A defiant Gordon Brown vowed to tough it out as Britain’s prime minister after Cabinet members quit in bitter circumstances and his governing Labour Party suffered electoral meltdown.
“I will not waver, I will not walk away… I will get on with the job,”
Brown told a news conference after announcing a swift but limited cabinet reshuffle in a bid to stem the haemorrhaging of authority in his position.
Spate of resignations
The shake-up, originally expected next week, was brought forward after four Cabinet ministers quit within 24 hours — taking the total number of ministerial resignations in the past week to 10.
James Purnell delivered a withering call for Brown to stand down or lead Labour to disaster at the next general election as he quit as work and pensions secretary.
The resignations of defence secretary John Hutton, transport secretary Geoff Hoon and Welsh secretary Paul Murphy followed hours later.
Then Europe minister Caroline Flint quit — during Brown’s press conference — with an extraordinary attack on the prime minister.
PM under attack
She accused him of using her and other women as “female window dressing” and running a “two-tier” government with an “inner” Cabinet circle.
In his resignation letter late Thursday, Purnell said: “Your continued leadership makes a Conservative victory more, not less, likely. That would be disastrous for our country.”
“I am therefore calling on you to stand aside to give our party a fighting chance of winning.”
David Cameron, leader of the main opposition Conservatives, said Friday’s events showed the government was “completely falling apart.”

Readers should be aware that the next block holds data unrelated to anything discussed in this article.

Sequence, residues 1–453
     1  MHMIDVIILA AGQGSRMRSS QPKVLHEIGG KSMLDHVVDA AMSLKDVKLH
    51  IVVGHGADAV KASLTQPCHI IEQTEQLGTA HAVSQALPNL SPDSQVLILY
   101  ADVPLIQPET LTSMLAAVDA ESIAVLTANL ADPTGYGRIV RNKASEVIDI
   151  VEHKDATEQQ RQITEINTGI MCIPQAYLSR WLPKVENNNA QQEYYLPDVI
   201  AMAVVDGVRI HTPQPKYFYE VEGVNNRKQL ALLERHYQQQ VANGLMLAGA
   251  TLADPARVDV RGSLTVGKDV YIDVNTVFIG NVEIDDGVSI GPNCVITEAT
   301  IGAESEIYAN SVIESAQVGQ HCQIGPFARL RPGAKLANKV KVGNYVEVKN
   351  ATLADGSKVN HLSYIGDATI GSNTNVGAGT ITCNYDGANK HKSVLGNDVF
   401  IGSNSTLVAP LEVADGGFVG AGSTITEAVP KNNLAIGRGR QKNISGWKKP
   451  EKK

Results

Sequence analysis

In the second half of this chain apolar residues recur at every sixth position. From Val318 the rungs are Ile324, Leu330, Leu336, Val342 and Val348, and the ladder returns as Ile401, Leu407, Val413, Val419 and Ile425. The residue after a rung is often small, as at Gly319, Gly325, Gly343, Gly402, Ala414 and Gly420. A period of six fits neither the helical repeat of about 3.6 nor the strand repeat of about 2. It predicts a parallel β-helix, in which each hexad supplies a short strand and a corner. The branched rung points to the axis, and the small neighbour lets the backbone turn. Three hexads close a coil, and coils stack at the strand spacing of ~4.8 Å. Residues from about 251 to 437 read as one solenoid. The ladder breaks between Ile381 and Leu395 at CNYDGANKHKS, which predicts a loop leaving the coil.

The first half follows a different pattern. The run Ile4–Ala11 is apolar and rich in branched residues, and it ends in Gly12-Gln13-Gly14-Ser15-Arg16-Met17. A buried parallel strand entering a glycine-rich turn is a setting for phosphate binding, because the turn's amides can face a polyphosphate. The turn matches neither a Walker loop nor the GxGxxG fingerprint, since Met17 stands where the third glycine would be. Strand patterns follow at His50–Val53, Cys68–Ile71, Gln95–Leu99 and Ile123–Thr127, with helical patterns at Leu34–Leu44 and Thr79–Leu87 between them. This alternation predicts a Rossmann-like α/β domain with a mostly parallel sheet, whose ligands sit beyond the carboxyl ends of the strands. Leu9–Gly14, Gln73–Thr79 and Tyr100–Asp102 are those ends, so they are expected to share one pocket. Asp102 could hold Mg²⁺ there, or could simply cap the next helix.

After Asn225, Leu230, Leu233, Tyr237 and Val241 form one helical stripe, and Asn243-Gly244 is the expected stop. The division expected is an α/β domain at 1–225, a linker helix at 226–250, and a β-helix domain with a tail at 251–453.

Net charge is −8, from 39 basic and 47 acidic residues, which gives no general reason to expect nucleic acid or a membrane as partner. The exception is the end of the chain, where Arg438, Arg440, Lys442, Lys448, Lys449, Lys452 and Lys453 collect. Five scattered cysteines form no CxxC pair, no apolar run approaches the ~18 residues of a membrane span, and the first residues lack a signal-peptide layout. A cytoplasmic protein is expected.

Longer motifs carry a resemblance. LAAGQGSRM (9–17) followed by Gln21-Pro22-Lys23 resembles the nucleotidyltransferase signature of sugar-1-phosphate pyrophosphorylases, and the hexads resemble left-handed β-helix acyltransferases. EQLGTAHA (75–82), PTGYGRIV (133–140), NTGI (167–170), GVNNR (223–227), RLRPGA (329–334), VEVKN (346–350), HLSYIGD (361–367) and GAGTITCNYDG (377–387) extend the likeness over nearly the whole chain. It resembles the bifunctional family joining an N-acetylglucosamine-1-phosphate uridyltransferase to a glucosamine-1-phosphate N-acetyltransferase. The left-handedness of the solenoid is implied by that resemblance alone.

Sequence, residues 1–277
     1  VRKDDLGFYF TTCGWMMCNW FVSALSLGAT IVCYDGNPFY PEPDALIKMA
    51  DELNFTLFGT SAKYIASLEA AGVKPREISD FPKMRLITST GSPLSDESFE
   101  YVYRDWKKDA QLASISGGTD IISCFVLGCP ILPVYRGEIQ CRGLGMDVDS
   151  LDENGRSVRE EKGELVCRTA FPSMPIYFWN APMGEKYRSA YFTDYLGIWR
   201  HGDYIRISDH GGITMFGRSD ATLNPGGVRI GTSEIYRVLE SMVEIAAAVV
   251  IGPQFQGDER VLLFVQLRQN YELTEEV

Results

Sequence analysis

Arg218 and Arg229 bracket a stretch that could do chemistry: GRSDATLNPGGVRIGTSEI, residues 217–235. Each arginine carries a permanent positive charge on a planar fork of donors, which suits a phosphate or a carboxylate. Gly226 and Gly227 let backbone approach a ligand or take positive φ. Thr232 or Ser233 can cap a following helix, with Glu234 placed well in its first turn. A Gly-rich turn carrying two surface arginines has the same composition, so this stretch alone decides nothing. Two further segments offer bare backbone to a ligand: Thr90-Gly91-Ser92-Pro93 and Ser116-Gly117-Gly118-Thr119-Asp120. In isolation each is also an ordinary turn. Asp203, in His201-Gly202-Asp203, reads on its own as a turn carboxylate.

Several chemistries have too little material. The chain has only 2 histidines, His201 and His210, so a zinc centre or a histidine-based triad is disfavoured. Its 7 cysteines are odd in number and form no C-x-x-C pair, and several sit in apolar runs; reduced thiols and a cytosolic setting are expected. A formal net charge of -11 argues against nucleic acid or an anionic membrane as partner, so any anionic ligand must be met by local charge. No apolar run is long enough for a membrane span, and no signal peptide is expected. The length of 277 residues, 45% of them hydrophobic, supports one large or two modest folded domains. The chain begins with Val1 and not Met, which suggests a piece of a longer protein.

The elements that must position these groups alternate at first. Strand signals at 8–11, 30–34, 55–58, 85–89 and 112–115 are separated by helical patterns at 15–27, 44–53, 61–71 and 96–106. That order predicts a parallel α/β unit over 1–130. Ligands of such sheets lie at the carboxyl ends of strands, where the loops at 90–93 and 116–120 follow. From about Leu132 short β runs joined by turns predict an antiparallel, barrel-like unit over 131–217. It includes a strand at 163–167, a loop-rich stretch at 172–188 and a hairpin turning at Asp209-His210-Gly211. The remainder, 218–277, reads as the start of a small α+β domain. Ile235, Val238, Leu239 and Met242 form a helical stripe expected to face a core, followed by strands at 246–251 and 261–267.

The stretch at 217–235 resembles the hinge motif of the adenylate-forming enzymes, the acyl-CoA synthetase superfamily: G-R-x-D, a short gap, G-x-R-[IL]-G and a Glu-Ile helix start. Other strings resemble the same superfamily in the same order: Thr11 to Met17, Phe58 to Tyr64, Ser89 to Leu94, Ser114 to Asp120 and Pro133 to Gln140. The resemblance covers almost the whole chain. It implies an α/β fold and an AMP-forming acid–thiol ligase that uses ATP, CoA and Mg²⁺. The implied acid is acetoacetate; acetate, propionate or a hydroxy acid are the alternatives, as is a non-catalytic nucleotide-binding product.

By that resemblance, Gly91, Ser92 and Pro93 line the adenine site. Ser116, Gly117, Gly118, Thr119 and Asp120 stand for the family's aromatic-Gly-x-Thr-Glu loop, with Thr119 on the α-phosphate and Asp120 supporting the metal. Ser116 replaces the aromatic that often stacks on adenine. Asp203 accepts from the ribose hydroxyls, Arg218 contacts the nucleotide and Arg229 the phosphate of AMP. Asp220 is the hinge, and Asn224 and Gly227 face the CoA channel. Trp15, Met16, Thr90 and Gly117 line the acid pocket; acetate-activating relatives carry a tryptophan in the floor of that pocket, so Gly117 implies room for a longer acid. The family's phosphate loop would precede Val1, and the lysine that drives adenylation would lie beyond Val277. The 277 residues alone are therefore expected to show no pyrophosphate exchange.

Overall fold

“He is not reshuffling the cabinet, the cabinet is reshuffling him,” Cameron said of Brown.
“The argument for a general election has always been strong; now it is unanswerable.”
A national vote must be held by the middle of next year at the latest.
Brown acknowledges situation
In his news conference, Brown acknowledged the damage caused by a scandal over lawmakers’ expenses and admitted his party was in line for a “painful defeat” after English local and European parliamentary elections held Thursday.
Although the European election results are not due until Sunday, Labour has suffered heavy losses in the council elections.
With results in from 30 out of 34 councils, the Conservatives have gained
217 seats and Labour have lost 250.
Labour surrendered to the Conservatives heartlands like Derbyshire in central England — which it controlled for 28 years — and Lancashire in the northwest.
Fringe parties also did well — the English Democrats, who want withdrawal from the European Union and an end to mass immigration, won the vote for mayor of Doncaster, a northern English town which was a Labour stronghold.
The far-right British National Party, hoping to win its first MEP, has gained its first three county councillors.
The BBC said if the results were replicated in a general election, Labour would be beaten into third place.
Bookies predict August exit
The party now also faces a tense by-election after Ian Gibson, a backbench lawmaker caught up in the expenses scandal, said he would stand down immediately.
Bookmakers Paddy Power are paying out on bets that Brown will leave his job before the end of August.
There was glimmer of light for him Friday as Alan Johnson, seen by many commentators as his most likely replacement, took over as home secretary and insisted he was not seeking to be premier.
Despite reports that Brown wanted to move heavyweights like finance minister Alistair Darling and Foreign Secretary David Miliband out of their jobs, they remained in place.
Darling had been tipped to make way for Brown’s loyal lieutenant, Schools Secretary Ed Balls, but commentators said the premier no longer had the authority to push the move through.
Flint was replaced as Europe minister by former Labour Party leader Neil Kinnock’s wife Glenys, currently a European parliament member who will be appointed to the unelected upper House of Lords chamber.
Expenses scandal sees 17 leave
In power since 1997, Labour has been badly hit by the scandal over lavish expense claims from the public purse by lawmakers which has seen 17 MPs say they will step down since it broke.
Public anger is particularly high as Britain is struggling with the worst recession since World War II.